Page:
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What the Pandemic Teaches Us About Clear Messaging and Crisis Communications

The pandemic has been marked by times when the public health messaging driving mainstream behavior has been altered, or even reversed in short order.

  • No need to wear masks.
  • You need to wear a mask.
  • You need to wear two masks.
  • You don’t need a mask unless in certain circumstances, provided you are vaccinated.
  • Everyone needs a mask, regardless of vaccination status.

These enormously impactful directives have caused people from across the ideological spectrum to grumble, or worse, cease complying. The pandemic has been the crisis of our lifetimes and a messaging challenge like no other. What lessons can law firms take from 18-plus months of confusing guidance? Let’s examine:

Deliver a clear message, even if you don’t have clarity. 

The ironic, tired idiom, “Hindsight is 20/20,” has taken on new meaning. Initial public health guidance, from the likes of Dr. Anthony Fauci, clearly stated what was known at the time. Law firms navigating themselves or their clients through a crisis need to work with knowns and avoid messaging or commenting on speculation.

Change your message promptly when new information is available. 

Depending on the situation, sensitivities and need for transparency, firms should be ready and able to pivot messaging points, based on new information. For example, this may be necessary after the results of an internal review – whether the firm’s or a client’s. Misleading or trying to misdirect the public and the media is a recipe for failure and has long-term, negative consequences.

Data needs a decoder. 

The general public and the media have had to learn about dense concepts like “preprint databases” and wade through an array of forecasts and charts that are opaque, and potentially misleading, to all but those trained in fields like epidemiology. As a society, we increasingly expect access to source materials. This should not be unfamiliar as law firms have experienced this phenomenon for years with many court filings just a click away. Strategizing in advance on messaging and privately preparing talking points through contentious litigation protects the client and the firm. And press releases and media statements remain vital in centering issues and developments. Much like we see with public health, there are very real and meaningful limits to what “doing the research” as an outsider can yield.

If it’s not your data, consider being the decoder. 

Reporters of all stripes covering the pandemic have sought out experts to demystify conflicting statements and sudden reversals. Attorneys can and have played this role. If a firm has lawyers who are consistently complaining that the local daily or national news outlets aren’t understanding an issue with legal implications, ask them to step forward and offer to educate the scribes. Media-engaged attorneys often develop true working relationships with reporters, yielding “go-to” thought leader status and comfort and trust in sorting through information, even if “off the record.”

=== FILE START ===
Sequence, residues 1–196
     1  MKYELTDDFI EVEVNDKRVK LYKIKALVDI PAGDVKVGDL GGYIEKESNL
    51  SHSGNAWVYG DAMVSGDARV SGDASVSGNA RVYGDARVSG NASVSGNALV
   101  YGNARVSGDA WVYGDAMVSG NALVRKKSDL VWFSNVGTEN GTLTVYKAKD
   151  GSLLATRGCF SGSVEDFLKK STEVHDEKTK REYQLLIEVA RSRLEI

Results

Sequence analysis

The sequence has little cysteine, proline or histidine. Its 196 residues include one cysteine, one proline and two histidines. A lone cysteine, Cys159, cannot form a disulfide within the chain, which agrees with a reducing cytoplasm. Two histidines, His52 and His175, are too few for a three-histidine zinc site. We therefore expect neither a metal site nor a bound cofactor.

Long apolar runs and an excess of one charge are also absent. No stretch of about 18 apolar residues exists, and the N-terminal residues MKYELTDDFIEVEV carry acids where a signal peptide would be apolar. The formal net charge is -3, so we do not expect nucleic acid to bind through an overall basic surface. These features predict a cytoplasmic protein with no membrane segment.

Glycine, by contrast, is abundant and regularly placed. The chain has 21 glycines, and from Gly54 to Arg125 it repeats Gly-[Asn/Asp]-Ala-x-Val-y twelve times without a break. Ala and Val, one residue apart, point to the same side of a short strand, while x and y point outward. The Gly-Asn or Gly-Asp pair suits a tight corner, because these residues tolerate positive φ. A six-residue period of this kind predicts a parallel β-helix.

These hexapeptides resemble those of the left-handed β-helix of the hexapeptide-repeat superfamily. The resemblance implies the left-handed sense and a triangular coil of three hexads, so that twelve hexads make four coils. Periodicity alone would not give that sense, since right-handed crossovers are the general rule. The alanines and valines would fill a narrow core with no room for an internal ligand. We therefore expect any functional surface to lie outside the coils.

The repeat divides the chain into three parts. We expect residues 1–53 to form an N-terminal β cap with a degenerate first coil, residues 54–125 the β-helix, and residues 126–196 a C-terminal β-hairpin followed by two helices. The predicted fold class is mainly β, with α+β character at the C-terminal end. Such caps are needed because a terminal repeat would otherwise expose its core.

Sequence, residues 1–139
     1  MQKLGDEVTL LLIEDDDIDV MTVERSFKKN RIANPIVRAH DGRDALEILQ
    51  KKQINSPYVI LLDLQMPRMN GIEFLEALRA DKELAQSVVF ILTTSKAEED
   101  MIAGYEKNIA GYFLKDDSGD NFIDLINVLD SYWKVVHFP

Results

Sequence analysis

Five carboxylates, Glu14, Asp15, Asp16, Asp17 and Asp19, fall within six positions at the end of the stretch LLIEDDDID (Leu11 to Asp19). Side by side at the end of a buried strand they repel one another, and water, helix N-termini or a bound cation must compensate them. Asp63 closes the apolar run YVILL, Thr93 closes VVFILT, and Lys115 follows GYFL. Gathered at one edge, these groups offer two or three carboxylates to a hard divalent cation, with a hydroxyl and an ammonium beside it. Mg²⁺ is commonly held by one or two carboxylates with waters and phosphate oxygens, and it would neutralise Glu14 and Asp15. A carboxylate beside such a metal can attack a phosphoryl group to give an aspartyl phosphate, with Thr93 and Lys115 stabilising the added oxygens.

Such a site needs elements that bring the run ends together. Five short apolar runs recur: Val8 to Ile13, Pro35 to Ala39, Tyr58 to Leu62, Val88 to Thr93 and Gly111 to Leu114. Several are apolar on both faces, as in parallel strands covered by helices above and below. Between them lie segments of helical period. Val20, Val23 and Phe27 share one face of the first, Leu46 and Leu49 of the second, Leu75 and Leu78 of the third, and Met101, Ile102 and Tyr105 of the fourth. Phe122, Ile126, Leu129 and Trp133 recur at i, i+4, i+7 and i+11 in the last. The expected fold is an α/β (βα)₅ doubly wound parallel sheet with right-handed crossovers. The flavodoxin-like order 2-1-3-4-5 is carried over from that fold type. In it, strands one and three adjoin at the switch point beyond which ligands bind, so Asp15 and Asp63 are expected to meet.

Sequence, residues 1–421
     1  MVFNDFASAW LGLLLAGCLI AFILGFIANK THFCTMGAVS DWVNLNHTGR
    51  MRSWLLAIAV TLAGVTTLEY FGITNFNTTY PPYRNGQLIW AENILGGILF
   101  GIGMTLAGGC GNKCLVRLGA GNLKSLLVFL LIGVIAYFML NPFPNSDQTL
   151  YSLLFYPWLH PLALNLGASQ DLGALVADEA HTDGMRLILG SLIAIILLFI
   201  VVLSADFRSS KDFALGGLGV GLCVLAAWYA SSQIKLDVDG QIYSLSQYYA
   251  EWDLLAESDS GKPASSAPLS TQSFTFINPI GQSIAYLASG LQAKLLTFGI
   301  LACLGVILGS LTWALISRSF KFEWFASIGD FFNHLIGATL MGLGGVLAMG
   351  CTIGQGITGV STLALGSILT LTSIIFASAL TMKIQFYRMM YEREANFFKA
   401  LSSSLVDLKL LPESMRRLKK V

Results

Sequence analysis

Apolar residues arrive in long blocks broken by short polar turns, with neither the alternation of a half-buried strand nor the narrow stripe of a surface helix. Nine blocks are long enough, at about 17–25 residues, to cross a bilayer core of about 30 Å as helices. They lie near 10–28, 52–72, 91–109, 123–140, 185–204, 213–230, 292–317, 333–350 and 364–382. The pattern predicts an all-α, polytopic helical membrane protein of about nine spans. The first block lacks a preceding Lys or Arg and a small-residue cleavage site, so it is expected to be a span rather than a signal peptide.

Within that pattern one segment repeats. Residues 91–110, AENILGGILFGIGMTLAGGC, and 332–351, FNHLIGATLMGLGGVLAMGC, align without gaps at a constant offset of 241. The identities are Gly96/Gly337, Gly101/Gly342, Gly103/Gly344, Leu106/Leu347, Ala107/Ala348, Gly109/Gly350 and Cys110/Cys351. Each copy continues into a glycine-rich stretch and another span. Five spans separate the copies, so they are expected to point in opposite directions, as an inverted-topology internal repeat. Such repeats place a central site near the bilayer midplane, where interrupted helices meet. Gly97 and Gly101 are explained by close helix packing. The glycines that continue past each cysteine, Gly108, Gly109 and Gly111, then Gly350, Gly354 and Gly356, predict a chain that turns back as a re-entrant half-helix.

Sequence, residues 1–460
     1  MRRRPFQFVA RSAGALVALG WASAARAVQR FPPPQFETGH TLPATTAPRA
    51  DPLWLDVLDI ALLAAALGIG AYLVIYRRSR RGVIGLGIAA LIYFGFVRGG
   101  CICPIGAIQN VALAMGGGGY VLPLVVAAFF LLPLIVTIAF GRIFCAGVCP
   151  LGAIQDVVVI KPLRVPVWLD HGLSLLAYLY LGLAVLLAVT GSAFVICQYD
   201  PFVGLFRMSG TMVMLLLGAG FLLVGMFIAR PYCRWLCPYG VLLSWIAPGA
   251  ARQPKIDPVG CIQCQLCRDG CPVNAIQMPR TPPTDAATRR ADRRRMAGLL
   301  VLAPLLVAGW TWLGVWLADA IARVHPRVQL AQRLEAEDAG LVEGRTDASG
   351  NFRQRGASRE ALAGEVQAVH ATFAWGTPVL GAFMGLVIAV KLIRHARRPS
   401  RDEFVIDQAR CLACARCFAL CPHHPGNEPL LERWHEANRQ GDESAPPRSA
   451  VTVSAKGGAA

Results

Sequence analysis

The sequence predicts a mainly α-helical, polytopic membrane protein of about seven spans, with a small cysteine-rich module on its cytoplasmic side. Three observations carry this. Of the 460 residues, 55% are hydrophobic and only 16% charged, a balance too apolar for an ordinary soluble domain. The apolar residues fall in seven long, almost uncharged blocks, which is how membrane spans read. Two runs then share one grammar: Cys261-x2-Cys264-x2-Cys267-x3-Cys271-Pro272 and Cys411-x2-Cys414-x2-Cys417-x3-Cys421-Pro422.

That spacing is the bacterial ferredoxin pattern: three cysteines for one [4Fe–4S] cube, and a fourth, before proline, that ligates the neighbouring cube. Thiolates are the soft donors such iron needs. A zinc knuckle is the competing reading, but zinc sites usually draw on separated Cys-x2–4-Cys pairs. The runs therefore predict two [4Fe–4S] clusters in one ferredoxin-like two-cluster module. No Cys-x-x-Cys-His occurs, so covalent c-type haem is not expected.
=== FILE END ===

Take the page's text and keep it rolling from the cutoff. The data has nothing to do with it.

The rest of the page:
Know that self-appointed “citizen ombudsmen” are legion. 

The abundance of data, combined with the availability of low-barrier/high-visibility feedback mechanisms (such as Yelp and AVVO), heighten reputational risk. Expect and look for snarky comments, meanspirited (and often entirely unfounded) reviews and public scrutiny. Be sure to monitor for developments and have each and every attorney with the potential of being in the public eye “batten down the digital hatches” – scrubbing and privatizing social media posts and accounts and scrutinizing any past public commentary.

Be prepared to counter misinformation. 

Misinformation spreads incredibly easily in a social media-centric world where a little web design knowhow or modest design spend can birth viral content and slick-looking “news” sites. Firms (and their clients) in the public eye need to both know what is being said and use their platforms and brand resources to aggressively push back on damaging narratives. Don’t engage the trolls, but don’t ignore them either.

Expect the unexpected in a crisis (including the really unexpected). 

When the FDA tweeted that humans should not consume horse medicine, surely the makers of the veterinarian version of the drug Ivermectin must have shaken their heads. They have been forced to consider messaging points for their own “black swan”-esque event. The makers of Lysol experienced the same as early-on messaging about bleach was misinterpreted to tragic results. Both instances serve as reminders that a crisis fire can break out anywhere at any minute. Be prepared and have skilled crisis communications plans and communicators at the ready. Rapid responses preserve brand integrity, can help protect against litigation and – in the above cases – may even save lives.

Thankfully, the scale of a pandemic dwarfs any crisis an individual firm or client will ever face. But crises will surely come. Some may amount to sparks that fade into the night while others may turn into major conflagrations.

Clear, concise and thoughtful communication plans and at-hand resources serve both a preventative and restorative function. Firms should not wait until a problem arises to seek guidance. A crisis messaging team will literally be with the firm and its principals in the trenches with heavy fire all around. These volatile situations are not ideal times for getting to know each other, and they require mutual trust.

The pandemic’s public health messaging lessons are not new; rather, they are tried-and-true principles on steroids. They do, however, serve as an imminently accessible teaching moment for law firms, their marketers and their attorneys.

Originally published by the Legal Marketing Association (LMA) – Mid-Atlantic Region.

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